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Ferran Adrià Gets Approval to Transform Former El Bulli Building [UPDATED]

El Bulli 1846 will be a “research lab and exhibition space”

Ferran Adrià in front of El Bulli
Ferran Adrià outside of El Bulli in 2007.
LLUIS GENE/AFP/Getty Images

Ferran Adrià is making progress on his plans to repurpose the building and property that once was home to his groundbreaking modernist restaurant El Bulli. According to El Periódico, the Catalonia city of Girona’s planning commission (“la comisión territorial de urbanismo”) has approved the El Bulli Foundation’s plans to transform and reopen the El Bulli building. The chef called the news “fantásticaon Twitter.

This project, long known as El Bulli 1846, will be “a research lab and exhibition space,” Newsweek reported earlier this year. Per that report, El Bulli 1846 will also “host projects that, more than simply generating new ideas, are intended to improve the efficiency of the creative process.” Back in 2014, Adrià told audiences in New York City about the project, which Eater summarized as “a museum-style 7,000-square-meter space in Spain that will be dedicated to the history and theory of cuisine and open to the public. elBulliDNA will be a team of 30-40 of the ‘most creative chefs in the world,’ who will come to elBulli 1846 and work for 8 months, ‘dialoguing’ with journalists, architects, designers, and other creative types to ‘compare and share the creative process.’"

The El Bulli Foundation website had promised El Bulli 1846 would “become a living space from the end of 2016, where a team of 20 people will work for 6 months a year in creativity applied to gastronomy.” As it often is in Adrià world, the plans are pretty confusing and abstract, and it’s ultimately unclear how similar this current iteration of El Bulli 1846 is from the version the chef described three years ago, or from the plans laid out on the foundation’s website.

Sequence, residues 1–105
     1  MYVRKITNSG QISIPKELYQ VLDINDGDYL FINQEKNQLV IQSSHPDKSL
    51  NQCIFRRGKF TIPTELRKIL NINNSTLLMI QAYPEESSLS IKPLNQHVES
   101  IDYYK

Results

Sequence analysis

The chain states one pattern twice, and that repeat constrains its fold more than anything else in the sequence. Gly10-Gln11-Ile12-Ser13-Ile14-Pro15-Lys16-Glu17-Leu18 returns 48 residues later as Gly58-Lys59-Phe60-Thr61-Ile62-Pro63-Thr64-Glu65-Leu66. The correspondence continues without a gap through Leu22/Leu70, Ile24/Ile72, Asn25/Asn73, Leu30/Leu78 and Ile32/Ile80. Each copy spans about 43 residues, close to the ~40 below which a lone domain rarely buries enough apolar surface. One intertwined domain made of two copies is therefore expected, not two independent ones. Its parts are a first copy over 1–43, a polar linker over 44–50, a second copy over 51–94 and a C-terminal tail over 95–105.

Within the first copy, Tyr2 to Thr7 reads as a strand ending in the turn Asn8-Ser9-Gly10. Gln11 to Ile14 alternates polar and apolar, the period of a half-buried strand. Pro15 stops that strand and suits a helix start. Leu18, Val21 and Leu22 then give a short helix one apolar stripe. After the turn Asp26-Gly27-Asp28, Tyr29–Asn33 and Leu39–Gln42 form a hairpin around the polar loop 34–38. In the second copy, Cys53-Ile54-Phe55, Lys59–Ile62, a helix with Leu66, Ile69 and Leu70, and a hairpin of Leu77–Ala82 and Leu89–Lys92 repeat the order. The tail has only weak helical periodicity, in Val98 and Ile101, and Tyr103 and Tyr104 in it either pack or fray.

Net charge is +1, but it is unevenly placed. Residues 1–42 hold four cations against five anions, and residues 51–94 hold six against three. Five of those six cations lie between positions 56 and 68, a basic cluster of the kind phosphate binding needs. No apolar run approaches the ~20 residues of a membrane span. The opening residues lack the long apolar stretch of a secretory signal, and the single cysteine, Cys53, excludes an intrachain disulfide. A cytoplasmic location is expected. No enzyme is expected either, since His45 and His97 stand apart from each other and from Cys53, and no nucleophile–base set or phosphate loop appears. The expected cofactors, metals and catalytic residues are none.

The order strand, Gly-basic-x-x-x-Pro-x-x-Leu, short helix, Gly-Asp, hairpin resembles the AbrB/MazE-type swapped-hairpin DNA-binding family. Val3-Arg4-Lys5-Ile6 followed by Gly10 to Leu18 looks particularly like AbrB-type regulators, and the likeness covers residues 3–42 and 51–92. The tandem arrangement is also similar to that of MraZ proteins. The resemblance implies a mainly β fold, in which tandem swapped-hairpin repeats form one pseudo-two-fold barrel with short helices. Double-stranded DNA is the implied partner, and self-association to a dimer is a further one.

We do know that Adrià has been obsessed by the creative process in the years since closing El Bulli, investing his time and energy into projects like the massive culinary wiki/”internet tool” Bullipedia, not to mention that team’s work on "decoding the culinary genome" and “decoding creativity.”

It’s been a long and difficult road for Adrià. His ambitious projects in Catalonia have faced opposition from locals who didn’t want to see the chef and his foundation adding new buildings to the park space that was home to El Bulli. This new plan, which has received city approval, “includes new spaces that do not modify the original volume of the building nor increase the constructed surface” (Ed note: as translated from El Periódico by Google.) “Activity” should start in January 2018 — Eater has reached out to confirm whether this means building activity or public activity in the building.

Update 8/1/2017: An El Bulli Foundation rep sends the following clarifications:

About the works at elBulli1846, we will start the second phase on this coming October and hopefully we will finish them at the end of 2018. We expect then to be back in Cala Montjoi [in Girona] around the beginning of 2019, but we will need time to put in order everything and to organize ourselves properly, so it will be a work in progress launching.

Adrià told 7 Caníbales that “it may take 10 years for the new elBulli project to reach its maturity." (Ed note: Translation via Google.)

The rep also tells Eater that the team will likely be publishing books in the near future, and that the El Bulli Lab in Barcelona will is transforming into “La Bulliografia, our historic archive. We expect to appreciate the first step of this change in 3-4 months.”

Aprobado El Proyecto de Reforma del Nuevo Bulli en Roses [El Periódico]
Ferran Adrià on Closing elBulli, Starting a Foundation, and 'Decoding' Creativity [E]
Despite Protests, Ferran Adrià Still Wants to Build elBulli Museum on Protected Land [E]

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